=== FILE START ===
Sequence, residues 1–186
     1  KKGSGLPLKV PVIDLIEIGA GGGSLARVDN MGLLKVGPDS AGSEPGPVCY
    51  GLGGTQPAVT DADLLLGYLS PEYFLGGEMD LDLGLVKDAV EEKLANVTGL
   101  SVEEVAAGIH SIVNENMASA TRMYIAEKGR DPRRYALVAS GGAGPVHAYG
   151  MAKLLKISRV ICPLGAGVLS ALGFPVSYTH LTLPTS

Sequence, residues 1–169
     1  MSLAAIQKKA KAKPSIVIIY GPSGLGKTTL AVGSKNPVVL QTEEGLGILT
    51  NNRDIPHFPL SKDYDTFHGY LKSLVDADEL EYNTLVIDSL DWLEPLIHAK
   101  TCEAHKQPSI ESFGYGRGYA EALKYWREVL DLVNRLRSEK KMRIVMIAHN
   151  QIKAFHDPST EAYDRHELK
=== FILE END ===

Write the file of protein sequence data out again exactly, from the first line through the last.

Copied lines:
Sequence, residues 1–186
     1  KKGSGLPLKV PVIDLIEIGA GGGSLARVDN MGLLKVGPDS AGSEPGPVCY
    51  GLGGTQPAVT DADLLLGYLS PEYFLGGEMD LDLGLVKDAV EEKLANVTGL
   101  SVEEVAAGIH SIVNENMASA TRMYIAEKGR DPRRYALVAS GGAGPVHAYG
   151  MAKLLKISRV ICPLGAGVLS ALGFPVSYTH LTLPTS

Sequence, residues 1–169
     1  MSLAAIQKKA KAKPSIVIIY GPSGLGKTTL AVGSKNPVVL QTEEGLGILT
    51  NNRDIPHFPL SKDYDTFHGY LKSLVDADEL EYNTLVIDSL DWLEPLIHAK
   101  TCEAHKQPSI ESFGYGRGYA EALKYWREVL DLVNRLRSEK KMRIVMIAHN
   151  QIKAFHDPST EAYDRHELK